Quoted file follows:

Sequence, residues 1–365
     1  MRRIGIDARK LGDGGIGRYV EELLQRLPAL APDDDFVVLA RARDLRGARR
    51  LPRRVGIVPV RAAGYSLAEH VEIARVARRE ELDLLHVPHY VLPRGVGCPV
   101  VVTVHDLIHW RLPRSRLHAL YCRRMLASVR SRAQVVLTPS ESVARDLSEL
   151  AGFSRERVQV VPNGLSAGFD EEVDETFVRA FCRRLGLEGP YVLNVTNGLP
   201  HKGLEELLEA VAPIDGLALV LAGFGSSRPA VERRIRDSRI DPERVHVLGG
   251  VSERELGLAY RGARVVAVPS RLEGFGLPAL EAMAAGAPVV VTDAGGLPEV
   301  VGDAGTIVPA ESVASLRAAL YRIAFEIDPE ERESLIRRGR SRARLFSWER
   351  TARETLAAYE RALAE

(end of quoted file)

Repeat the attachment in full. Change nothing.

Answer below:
Sequence, residues 1–365
     1  MRRIGIDARK LGDGGIGRYV EELLQRLPAL APDDDFVVLA RARDLRGARR
    51  LPRRVGIVPV RAAGYSLAEH VEIARVARRE ELDLLHVPHY VLPRGVGCPV
   101  VVTVHDLIHW RLPRSRLHAL YCRRMLASVR SRAQVVLTPS ESVARDLSEL
   151  AGFSRERVQV VPNGLSAGFD EEVDETFVRA FCRRLGLEGP YVLNVTNGLP
   201  HKGLEELLEA VAPIDGLALV LAGFGSSRPA VERRIRDSRI DPERVHVLGG
   251  VSERELGLAY RGARVVAVPS RLEGFGLPAL EAMAAGAPVV VTDAGGLPEV
   301  VGDAGTIVPA ESVASLRAAL YRIAFEIDPE ERESLIRRGR SRARLFSWER
   351  TARETLAAYE RALAE